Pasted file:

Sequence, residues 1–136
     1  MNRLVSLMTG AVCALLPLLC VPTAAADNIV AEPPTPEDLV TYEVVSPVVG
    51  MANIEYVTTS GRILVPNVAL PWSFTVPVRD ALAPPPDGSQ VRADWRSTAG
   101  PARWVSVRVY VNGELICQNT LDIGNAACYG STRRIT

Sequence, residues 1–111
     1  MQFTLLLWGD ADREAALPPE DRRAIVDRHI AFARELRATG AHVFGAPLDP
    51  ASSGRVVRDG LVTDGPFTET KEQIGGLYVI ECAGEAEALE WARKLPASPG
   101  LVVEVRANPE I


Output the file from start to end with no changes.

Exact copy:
Sequence, residues 1–136
     1  MNRLVSLMTG AVCALLPLLC VPTAAADNIV AEPPTPEDLV TYEVVSPVVG
    51  MANIEYVTTS GRILVPNVAL PWSFTVPVRD ALAPPPDGSQ VRADWRSTAG
   101  PARWVSVRVY VNGELICQNT LDIGNAACYG STRRIT

Sequence, residues 1–111
     1  MQFTLLLWGD ADREAALPPE DRRAIVDRHI AFARELRATG AHVFGAPLDP
    51  ASSGRVVRDG LVTDGPFTET KEQIGGLYVI ECAGEAEALE WARKLPASPG
   101  LVVEVRANPE I